Davis Roofing: Article About Roof Wind Damage
Homeowners stress over warped or missing shingles letting moisture into their homes, but because wind damage is less common, the risks can go ignored. If built to code, a roof will withstand typical winds for an area, but professional installation really shines during severe storms. Trained and experienced professionals have performed the repairs needed after winds rip up a roof, so they often know where roofing needs extra reinforcement.
These high pressure points aren't always easy to determine. For instance, Davis roofing experts know that the peak of a roof is likely to experience the least problems during a storm. It is the edges, and particularly the corners, that are under an extreme amount of stress.
The surrounding elements also have a big impact on whether a roof will experience more positive or negative pressure during a storm. These differences determine whether the underside or surface of the roof needs the most protection. Once shingles become loose, they allow for increased suction or pushing pressure to build. Damages can quickly progress, and in severe weather, a wind damaged roof is at risk for failure.
Homeowners should look for sheets of shingles, starting at the edge of a roof or where one roofing panel connects to another. These sheets quickly grow in size until they can be completely cleared in one strong gust.
Have a question regarding storm damage, skylights or gutters? Please ask a roofing contractor from Allstate Roofing of Davis CA today.
This leaves the sheathing exposed to wind and rain damage as well. Special architectural flourishes, such as ballasts, can also be moved by the wind, creating gaps in coverage as well as impacting the effectiveness of flashing and other roofing elements that do manage to stay in place.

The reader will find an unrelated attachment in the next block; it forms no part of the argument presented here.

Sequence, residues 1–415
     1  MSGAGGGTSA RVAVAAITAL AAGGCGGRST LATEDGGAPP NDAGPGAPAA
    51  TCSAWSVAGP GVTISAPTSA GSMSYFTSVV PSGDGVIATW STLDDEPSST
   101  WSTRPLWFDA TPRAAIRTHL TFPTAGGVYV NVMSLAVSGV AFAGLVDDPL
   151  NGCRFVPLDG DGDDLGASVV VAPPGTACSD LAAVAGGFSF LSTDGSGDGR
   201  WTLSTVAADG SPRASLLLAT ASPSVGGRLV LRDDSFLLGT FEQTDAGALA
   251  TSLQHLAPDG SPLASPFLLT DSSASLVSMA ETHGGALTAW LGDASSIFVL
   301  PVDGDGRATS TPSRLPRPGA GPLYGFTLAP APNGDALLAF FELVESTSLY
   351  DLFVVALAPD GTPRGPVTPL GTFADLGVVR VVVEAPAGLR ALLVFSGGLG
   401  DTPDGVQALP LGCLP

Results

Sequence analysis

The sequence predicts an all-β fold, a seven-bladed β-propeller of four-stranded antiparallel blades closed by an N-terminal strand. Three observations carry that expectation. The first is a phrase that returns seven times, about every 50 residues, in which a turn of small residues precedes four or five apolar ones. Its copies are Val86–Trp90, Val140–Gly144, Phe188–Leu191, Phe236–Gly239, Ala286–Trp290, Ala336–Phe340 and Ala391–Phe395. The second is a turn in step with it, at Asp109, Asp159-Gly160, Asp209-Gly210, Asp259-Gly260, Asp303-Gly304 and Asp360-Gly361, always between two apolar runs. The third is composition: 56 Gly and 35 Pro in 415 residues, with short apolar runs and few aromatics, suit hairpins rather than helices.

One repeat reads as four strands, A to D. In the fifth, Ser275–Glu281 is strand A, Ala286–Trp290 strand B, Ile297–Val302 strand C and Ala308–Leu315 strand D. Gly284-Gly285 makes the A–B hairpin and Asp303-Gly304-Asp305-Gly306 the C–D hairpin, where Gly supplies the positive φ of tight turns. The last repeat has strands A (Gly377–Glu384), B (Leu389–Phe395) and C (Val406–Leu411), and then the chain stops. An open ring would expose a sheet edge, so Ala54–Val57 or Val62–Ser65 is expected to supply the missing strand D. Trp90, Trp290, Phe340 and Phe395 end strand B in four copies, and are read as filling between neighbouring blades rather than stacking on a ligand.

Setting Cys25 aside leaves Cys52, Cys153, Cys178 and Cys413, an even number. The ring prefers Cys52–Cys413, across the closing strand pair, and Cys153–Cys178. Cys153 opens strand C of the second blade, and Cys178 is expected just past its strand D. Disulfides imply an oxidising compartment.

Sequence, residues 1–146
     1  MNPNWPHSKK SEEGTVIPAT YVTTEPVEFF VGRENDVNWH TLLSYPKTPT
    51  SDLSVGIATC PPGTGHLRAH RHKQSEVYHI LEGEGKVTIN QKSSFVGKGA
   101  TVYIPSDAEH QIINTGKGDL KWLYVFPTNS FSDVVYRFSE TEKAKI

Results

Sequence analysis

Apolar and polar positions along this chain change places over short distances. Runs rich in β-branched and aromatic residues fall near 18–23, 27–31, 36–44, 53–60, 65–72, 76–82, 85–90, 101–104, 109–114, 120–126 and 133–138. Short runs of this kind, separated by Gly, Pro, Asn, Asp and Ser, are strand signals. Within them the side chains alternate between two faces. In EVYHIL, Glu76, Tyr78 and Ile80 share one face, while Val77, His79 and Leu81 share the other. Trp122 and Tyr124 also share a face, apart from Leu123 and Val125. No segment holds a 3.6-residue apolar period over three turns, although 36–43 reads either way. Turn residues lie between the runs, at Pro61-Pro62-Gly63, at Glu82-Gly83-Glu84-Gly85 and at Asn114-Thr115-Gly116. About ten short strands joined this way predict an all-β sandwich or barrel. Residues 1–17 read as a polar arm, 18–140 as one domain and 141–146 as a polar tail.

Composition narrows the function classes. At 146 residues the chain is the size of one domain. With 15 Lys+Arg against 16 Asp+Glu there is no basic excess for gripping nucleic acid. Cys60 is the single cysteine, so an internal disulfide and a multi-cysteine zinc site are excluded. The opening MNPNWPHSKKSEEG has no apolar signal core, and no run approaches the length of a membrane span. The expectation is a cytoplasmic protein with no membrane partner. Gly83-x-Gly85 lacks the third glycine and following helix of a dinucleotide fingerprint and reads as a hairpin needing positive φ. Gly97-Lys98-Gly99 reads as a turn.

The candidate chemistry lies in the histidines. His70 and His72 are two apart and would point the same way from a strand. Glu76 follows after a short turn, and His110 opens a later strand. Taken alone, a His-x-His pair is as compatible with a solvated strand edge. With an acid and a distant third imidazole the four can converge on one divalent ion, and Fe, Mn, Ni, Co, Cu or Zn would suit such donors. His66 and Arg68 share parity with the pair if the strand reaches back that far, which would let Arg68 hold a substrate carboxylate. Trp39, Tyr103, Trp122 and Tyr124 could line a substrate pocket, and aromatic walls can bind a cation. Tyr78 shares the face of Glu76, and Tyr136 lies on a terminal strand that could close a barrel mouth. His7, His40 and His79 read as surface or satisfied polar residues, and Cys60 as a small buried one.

Sometimes, it's not so much the wind that causes problems but the debris blown around during a storm. Objects blown around can scratch and puncture the shingles or sheathing. It's very rare for a roof to become completely compromised and blow off a structure, even during a tornado, but total replacement can still be needed if branches and other heavy things come into contact with a roof. Unfortunately, this may not be evident to a homeowner after a storm until water starts to seep in.
The wind is one of the biggest threats to a roof. It also tends to be the kind of damage that progressively gets worse if it goes ignored. Roof inspections performed at least twice a year, especially after big storms, help identify problems before they lead to interior damage or the need for a complete roof replacement.